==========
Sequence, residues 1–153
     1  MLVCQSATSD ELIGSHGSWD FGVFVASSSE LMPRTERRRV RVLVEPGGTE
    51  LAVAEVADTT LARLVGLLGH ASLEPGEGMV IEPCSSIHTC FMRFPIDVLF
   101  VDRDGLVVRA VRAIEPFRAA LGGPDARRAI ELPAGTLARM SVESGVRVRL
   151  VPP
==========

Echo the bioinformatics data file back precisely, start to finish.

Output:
Sequence, residues 1–153
     1  MLVCQSATSD ELIGSHGSWD FGVFVASSSE LMPRTERRRV RVLVEPGGTE
    51  LAVAEVADTT LARLVGLLGH ASLEPGEGMV IEPCSSIHTC FMRFPIDVLF
   101  VDRDGLVVRA VRAIEPFRAA LGGPDARRAI ELPAGTLARM SVESGVRVRL
   151  VPP